The 2023/24 Commonwealth Futures Climate Research Cohort will focus on five key themes, each supported by an academic theme lead:
1. Water security in a changing world
Nearly 80% of the global population is exposed to high levels of water security challenges, with climate change intensifying the water cycle, altering rainfall patterns, and consequently bringing more frequent and amplified hazards to human societies in many regions. This theme will therefore bring together researchers interested in ‘water security’, referring to sustainable access to sufficient quantity and satisfactory quality of water for livelihood and human wellbeing, for ecosystems, and for protecting against water-related disasters (UN-Water). Sub-themes include (1) Inequality of water security; (2) Water for ecosystems; (3) Water-related hazards.
2. Climate law at national level
Climate governance at national level is key to the delivery of a state’s nationally determined contributions to climate change adaptation and mitigation. While target-setting and accountability process happen through multilateral structures, international commitments will be actualised through individual states’ governance architecture. This requires a legal response, and most countries have now enacted some kind of climate legislation. However, these legal commitments need to be upheld, monitored and understood through legal and political institutions. This theme will focus on bringing together researchers interested in climate law at the national level, supporting country-specific investigations of how domestic climate governance – through law and institutional management – can support the achievement of climate mitigation and adaptation goals.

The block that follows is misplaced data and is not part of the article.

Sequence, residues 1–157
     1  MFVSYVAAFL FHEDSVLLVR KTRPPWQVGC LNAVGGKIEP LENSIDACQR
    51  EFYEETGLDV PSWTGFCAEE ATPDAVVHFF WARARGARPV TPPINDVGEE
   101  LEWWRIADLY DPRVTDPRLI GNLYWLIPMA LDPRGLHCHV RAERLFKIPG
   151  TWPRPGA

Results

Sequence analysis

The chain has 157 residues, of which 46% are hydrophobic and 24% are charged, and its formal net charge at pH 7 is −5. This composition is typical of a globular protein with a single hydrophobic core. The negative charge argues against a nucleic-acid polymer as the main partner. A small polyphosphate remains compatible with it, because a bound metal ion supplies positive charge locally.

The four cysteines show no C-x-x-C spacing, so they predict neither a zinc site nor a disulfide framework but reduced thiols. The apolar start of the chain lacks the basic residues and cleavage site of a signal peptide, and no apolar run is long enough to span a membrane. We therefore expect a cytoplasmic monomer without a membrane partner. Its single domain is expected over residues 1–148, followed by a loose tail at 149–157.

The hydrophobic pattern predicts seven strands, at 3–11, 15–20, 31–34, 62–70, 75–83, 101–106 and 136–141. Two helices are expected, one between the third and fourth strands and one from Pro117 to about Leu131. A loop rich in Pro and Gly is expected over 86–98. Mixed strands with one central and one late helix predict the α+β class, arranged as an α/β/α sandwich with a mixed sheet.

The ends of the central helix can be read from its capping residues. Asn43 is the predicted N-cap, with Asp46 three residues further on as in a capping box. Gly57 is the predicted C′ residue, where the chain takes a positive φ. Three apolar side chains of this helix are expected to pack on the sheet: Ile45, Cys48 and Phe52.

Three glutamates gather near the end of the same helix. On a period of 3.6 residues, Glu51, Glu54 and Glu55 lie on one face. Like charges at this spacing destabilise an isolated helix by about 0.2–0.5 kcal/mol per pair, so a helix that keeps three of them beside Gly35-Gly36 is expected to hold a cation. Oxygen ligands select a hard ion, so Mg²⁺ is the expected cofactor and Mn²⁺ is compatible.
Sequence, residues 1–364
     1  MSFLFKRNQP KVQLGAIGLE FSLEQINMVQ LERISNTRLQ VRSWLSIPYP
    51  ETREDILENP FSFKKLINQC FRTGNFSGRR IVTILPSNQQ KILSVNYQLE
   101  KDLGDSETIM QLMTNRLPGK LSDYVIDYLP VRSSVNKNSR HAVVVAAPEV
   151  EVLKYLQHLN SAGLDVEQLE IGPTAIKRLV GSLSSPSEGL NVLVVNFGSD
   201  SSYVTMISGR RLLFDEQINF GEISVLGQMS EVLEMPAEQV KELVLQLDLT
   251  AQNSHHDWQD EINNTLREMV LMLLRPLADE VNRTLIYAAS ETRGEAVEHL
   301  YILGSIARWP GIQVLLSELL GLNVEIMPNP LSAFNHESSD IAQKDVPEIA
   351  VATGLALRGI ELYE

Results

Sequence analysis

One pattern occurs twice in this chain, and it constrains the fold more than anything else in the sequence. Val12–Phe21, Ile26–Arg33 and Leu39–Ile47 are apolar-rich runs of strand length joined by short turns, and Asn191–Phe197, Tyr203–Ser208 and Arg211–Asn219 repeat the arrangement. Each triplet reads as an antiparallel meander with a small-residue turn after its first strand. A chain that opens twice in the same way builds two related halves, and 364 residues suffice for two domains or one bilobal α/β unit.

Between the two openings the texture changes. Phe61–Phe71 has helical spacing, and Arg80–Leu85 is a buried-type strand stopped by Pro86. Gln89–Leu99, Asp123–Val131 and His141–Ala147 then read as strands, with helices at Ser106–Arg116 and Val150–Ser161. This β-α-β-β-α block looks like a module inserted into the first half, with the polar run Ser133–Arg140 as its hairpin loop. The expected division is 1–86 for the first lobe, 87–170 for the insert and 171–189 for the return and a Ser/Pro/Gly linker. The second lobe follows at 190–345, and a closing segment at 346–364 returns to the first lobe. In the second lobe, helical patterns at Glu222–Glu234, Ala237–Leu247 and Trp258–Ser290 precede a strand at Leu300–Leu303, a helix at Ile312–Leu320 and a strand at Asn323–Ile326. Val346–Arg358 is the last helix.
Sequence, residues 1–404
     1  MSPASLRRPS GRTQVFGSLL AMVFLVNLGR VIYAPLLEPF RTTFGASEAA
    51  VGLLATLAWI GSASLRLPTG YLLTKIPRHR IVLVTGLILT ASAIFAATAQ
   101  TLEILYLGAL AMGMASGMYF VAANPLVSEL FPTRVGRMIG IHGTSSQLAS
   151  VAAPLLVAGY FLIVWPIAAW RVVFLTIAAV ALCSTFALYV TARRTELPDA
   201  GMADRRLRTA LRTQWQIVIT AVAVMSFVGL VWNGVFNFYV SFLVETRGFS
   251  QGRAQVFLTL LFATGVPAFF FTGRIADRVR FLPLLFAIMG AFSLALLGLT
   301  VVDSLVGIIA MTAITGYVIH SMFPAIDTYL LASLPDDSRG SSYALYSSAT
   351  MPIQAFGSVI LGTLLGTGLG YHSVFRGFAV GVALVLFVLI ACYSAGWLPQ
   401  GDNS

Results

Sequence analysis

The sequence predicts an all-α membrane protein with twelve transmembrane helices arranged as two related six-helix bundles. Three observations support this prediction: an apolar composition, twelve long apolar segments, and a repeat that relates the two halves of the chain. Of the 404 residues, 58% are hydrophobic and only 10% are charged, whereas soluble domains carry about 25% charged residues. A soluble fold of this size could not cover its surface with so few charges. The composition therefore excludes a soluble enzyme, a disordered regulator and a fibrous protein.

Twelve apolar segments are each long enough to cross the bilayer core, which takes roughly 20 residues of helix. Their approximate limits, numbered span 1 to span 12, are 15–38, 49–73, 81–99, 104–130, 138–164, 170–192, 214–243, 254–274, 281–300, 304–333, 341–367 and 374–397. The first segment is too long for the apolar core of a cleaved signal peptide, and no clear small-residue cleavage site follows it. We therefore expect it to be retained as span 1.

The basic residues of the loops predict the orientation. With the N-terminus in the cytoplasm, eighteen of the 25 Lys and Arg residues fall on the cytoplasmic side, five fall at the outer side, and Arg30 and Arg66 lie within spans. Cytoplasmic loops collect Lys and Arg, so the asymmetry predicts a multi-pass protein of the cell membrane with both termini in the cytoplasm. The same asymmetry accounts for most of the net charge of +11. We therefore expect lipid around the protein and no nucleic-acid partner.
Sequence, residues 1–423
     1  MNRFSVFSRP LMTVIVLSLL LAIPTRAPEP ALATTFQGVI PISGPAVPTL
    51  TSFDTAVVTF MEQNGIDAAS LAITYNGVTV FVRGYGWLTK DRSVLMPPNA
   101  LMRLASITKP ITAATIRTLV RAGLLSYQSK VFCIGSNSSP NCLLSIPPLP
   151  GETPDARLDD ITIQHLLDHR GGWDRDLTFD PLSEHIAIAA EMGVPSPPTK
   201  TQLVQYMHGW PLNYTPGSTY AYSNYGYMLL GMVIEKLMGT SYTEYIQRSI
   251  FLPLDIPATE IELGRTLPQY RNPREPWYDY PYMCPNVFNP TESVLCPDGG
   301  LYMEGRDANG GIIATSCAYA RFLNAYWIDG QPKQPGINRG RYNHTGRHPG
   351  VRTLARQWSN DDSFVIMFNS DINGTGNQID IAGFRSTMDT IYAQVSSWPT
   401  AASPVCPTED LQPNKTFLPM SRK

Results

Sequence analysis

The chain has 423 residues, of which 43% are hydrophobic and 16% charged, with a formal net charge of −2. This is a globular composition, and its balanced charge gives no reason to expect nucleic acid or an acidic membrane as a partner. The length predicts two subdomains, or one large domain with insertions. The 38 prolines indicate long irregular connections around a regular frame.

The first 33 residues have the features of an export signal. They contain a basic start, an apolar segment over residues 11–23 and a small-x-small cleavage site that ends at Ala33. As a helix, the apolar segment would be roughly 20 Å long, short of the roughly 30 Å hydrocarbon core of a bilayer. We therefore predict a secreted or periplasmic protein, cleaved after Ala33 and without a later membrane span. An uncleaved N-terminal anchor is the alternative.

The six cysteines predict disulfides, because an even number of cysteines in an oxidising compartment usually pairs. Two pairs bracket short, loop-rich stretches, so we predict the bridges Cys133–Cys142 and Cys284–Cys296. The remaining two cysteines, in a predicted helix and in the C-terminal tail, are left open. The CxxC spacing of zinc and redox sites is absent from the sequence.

3. Urban adaptation and resilience
Urban resilience responses are emerging around the world that build the capacity of individuals, communities, institutions, businesses, and systems within a city to survive, adapt, and grow in the face of chronic stresses and acute shocks. This theme will bring together interdisciplinary researchers interested in urban resilience responses and their contribution to climate justice through action research approaches that study change processes. Sub-themes include: Social justice; policy and behavioural change; incentives for climate action.
4. Adapting to flooding and coastal change
Sea-level rise and intensifying coastal storms as a result of climate change are understood to be exacerbating issues such as flooding and coastal erosion (EC). This research theme will bring together researchers interested in adapting to flooding and/or coastal change and will take a systems thinking approach to the essential stages of successful adaptation strategies, utilising interdisciplinarity to investigate the four sub-themes of the science-policy-implementation-evaluation nexus: (1) Climate change risk assessment; (2) The science to policy and planning process; (3) Implementing adaptation interventions; (4) Monitoring and evaluation (M&E) of climate change adaptation actions.
5. Digital governance and marginalised communities
Digital governance is seen to have the potential to catalyse collaboration and improve equity within decision-making processes (Meijer et al. 2020). Yet digital governance is also a challenge for equity, potentially exacerbating established challenges of power, control and representativeness, while inviting new questions around the biases that can be built into digital infrastructure. Digital governance therefore is a challenge as well as an opportunity for climate change adaptation. As such, this theme will bring together researchers who are interested in investigating equity within climate change adaptation governance and decision-making processes, with a particular focus on how emerging digital infrastructure interacts with marginalised communities. Sub-themes include knowledge-power relations, recognition justice, marginalisation and political capability.